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    ABSTRACT: The Cerithioidea is an ecologically important superfamily of basal Caenogastropoda with speciose marine, brackish water, and freshwater lineages primarily in tropical, subtropical, and warm temperate regions of the world. They often represent significant components of the communities where they occur and have given rise to several spectacular endemic radiations in rivers and ancient lakes. Earlier attempts to resolve the phylogenetic history of the group have been based on smaller taxon and character subsets with incongruent results. Here the monophyly and phylogeny of the group is evaluated with expanded morphological and molecular (16S, 28S rRNA) data sets. For morphological analyses, 151 characters (shell, operculum, radula, alimentary tract, kidney, nervous system, reproductive anatomy, and sperm ultrastructure) were scored for 47 cerithioideans (representing 17 families) and nine outgroup taxa. To test monophyly of the Cerithioidea, extended molecular data sets of 16S and 28S sequences for 57 and 44 taxa, respectively, were compiled using new and previously published sources. For combined analyses, a pruned molecular data set was combined with the morphological partition. The morphological data were analysed alone using only parsimony; molecular and simultaneous analyses were performed using both parsimony and Bayesian inference. The effect of excluding unconserved regions of the alignments was also explored. All analyses, with the exception of the individual 16S and 28S data sets, support monophyly of the Cerithioidea as currently formulated. Of the 12 families represented by more than one terminal, only two (Planaxidae, Potamididae) are always supported as monophyletic; Batillariidae, Cerithiidae, Pachychilidae, Pleuroceridae, Semisulcospiridae, Thiaridae, and Turritellidae are monophyletic in most but not all topologies. The combination of diverse data sources (morphology, 16S and 28S sequences) and inclusion of unconserved regions of the alignments improved the recovery of monophyletic families. At deeper levels, a consensus is beginning to emerge in the recognition of three main assemblages, but whether these represent clades or grades is still unclear; the resolution of these assemblages and the branching order within them are sensitive to exclusion of unconserved regions and choice of optimality criterion. No clear conclusion is reached with respect to the number of freshwater invasions, with two invasions supported on some topologies and three supported on others. Progress toward a robust and stable resolution of cerithioidean relationships will require (1) strategically coordinated sampling for additional morphological and molecular data; (2) comprehensive anatomical treatments for several poorly documented limnic lineages (e.g. Melanopsidae, Thiaridae) and comparative data for poorly understood organ systems (e.g. renal system); (3) the addition of poorly known, minute, and/or rare marine taxa, to provide novel character combinations, insight into putative homologies, and to help anchor basal nodes and break up long branches.© 2011 The Linnean Society of London, Zoological Journal of the Linnean Society, 2011, 162, 43–89.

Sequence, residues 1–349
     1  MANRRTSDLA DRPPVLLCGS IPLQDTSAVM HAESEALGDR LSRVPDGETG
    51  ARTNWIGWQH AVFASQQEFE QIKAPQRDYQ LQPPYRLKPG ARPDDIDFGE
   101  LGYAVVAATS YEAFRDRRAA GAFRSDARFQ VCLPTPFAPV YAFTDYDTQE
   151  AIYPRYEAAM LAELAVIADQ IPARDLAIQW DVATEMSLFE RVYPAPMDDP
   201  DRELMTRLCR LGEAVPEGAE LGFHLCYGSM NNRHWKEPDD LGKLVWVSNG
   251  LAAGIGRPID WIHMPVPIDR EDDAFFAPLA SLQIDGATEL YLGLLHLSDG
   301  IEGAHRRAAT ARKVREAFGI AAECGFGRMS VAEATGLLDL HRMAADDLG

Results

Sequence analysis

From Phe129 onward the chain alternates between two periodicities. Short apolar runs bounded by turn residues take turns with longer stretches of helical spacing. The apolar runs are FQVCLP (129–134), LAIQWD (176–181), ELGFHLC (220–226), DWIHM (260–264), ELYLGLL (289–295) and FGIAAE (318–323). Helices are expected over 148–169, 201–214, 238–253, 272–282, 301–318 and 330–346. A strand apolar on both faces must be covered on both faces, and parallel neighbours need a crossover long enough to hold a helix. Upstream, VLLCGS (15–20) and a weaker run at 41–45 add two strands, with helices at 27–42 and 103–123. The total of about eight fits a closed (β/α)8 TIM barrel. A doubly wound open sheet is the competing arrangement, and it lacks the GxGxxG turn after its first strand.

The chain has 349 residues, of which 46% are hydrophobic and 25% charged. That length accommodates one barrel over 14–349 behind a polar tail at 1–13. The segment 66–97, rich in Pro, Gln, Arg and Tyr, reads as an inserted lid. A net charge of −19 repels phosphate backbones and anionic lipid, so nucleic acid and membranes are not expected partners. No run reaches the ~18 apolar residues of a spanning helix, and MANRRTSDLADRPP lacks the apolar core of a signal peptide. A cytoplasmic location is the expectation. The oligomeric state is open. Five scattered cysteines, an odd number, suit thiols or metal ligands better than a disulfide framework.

Zoological Journal of the Linnean Society 04/2011; 162(1):43 - 89. · 2.58 Impact Factor
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    American Malacological Bulletin 04/2011; · 1.00 Impact Factor